“Sex Work Is Work”: Research From Around World

Peers Victoria is proud to be a member of the Global Network of Sex Work Projects (NSWP), an international organization of groups around the world that believe that the best people to lead and guide any discussion of sex work are those who work in the industry.

Like Peers, the NSWP believes that sex workers should be the ones representing their own realities, and be fully participating “in dialogues and decision-making about issues that affect them.” Please check out NSWP’s newly released annual report on global research into sex work. This year’s theme is “Sex Work Is Work,” and the report includes an update from a comprehensive University of Victoria-led research project currently looking at multiple aspects of the Canadian sex industry, from workers to managers to buyers.

Global anti-trafficking report finds victims left out of funding

The Global Alliance Against Trafficking in Women has released its annual report looking at how funds to combat trafficking are being used around the world. The summary and full report are available here but here are some highlights from the report:

  • The majority of funding dedicated to anti-trafficking initiatives is spent in either prevention or prosecution, and that a very small amount of funding is dedicated to victim assistance and/or reintegration services.
    Major donors don’t consult with people who have experienced trafficking as to how funds for anti-trafficking initiatives should be spent
  • Funding for re-integration programs needs to be consistent, and addressing the plethora of social vulnerabilities faced by people who have experienced trafficking are not considered a priority by funding bodies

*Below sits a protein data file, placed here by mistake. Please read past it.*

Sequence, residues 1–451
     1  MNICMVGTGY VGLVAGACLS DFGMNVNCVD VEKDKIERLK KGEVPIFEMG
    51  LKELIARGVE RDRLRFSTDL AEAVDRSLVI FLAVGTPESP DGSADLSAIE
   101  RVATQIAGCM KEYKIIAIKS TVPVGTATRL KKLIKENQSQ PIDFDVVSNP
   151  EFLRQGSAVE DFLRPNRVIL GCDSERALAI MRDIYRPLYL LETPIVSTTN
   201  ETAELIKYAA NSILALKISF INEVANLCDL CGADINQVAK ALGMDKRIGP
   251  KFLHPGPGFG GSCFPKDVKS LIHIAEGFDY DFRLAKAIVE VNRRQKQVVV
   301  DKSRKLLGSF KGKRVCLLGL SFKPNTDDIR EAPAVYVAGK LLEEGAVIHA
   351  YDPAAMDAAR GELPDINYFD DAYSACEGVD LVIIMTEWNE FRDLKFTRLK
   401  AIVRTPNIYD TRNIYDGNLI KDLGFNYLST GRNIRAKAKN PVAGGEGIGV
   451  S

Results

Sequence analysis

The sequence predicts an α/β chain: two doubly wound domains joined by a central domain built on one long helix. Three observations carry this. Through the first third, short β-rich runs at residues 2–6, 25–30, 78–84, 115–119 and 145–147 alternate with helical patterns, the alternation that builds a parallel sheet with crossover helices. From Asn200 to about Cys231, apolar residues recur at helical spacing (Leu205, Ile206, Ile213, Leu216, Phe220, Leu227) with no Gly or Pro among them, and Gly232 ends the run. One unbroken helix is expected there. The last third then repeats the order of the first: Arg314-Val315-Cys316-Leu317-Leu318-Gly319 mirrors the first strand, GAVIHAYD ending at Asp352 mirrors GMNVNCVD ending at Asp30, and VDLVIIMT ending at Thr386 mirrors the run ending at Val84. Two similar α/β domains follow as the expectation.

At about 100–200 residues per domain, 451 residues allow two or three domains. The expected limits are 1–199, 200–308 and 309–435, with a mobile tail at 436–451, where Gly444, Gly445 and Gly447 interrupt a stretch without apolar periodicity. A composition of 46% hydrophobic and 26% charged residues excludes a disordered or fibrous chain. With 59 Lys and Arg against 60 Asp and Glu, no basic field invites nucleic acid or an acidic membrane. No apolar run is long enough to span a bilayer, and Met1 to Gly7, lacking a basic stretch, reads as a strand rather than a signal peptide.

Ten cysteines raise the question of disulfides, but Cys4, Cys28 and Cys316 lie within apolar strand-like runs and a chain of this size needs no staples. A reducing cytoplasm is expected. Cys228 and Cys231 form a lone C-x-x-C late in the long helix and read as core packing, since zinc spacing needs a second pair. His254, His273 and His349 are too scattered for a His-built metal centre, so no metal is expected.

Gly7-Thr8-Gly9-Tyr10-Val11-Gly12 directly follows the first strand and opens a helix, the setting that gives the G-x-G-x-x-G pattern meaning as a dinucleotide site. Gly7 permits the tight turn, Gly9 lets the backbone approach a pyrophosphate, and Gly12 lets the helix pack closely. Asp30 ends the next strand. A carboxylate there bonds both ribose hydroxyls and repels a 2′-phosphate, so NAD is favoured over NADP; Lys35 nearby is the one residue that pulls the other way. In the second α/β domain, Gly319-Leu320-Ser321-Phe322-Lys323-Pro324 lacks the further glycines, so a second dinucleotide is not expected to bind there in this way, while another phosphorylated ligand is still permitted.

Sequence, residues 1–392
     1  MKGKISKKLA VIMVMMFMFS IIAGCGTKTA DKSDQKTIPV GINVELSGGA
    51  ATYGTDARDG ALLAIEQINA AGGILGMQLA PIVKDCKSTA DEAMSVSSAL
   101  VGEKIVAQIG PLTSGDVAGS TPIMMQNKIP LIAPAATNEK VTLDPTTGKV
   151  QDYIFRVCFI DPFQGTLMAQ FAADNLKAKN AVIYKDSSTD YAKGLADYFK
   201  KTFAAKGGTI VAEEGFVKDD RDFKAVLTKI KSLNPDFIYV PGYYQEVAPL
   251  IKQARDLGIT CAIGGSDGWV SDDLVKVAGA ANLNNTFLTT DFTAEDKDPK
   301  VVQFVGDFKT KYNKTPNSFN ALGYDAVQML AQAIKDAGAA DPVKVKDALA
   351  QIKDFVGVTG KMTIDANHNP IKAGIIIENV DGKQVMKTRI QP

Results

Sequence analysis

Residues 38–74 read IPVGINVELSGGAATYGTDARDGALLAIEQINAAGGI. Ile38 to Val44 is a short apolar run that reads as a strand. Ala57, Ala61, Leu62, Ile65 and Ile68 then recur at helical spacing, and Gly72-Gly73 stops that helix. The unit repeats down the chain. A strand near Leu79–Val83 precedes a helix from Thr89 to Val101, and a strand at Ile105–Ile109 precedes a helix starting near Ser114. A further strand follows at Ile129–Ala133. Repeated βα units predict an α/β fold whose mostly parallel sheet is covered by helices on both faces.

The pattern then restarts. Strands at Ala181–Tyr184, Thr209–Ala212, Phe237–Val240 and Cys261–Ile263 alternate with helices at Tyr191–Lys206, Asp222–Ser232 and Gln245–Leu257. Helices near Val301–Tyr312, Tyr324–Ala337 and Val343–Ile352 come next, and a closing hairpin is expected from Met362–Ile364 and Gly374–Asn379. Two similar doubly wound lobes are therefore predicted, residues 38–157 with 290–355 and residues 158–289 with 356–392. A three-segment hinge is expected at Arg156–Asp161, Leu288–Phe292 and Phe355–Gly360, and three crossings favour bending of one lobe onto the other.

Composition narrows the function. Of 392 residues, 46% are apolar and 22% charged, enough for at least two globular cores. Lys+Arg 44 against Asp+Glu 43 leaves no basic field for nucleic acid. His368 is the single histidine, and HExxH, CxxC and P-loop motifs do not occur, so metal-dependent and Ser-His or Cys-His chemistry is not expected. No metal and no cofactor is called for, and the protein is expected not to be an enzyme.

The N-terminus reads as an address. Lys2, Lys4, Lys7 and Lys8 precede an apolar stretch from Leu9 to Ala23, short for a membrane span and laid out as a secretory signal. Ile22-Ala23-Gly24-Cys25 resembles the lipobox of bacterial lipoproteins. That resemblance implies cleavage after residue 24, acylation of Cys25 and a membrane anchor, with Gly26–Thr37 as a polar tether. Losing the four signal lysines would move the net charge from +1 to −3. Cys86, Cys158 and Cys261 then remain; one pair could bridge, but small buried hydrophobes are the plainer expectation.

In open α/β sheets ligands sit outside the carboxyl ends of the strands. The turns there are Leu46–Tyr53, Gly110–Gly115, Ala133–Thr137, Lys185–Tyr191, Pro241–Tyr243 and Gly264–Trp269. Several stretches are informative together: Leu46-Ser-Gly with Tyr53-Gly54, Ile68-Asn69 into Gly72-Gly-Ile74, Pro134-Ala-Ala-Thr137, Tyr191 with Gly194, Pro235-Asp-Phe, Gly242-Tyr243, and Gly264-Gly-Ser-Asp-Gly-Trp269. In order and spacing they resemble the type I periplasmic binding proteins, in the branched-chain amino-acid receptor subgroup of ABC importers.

• There has been little research undertaken into the amount of funding the anti-trafficking industry attracts and virtually no research on the impact and effectiveness of funded anti-trafficking initiatives
  • Frontline workers report that funding for shelters and other assistance and re-integration services is notoriously difficult to access, whilst funding to attend or facilitate conferences exploring the issues surrounding anti-trafficking is much easier to access.
  • The social construct of anti-trafficking defines the policy response to the issue. Similarly, whether a person is recognised as a “victim” or “migrant” is defined by the media, who are influenced by policy defined by political expediency. Social constructs surrounding anti-trafficking –which are not internationally homogenous- define funding priorities. For example, in the United Kingdom, migrants and people who have experienced trafficking are referred to as “slaves” and those who facilitate migration are referred to as “criminals”: subsequently, the policy and funding response is based on principles of “law and order”. Whereas in the Ukraine, there is a greater emphasis on supporting and assisting people who have experienced trafficking, and policy and funding responses to trafficking issues are based on human rights principles.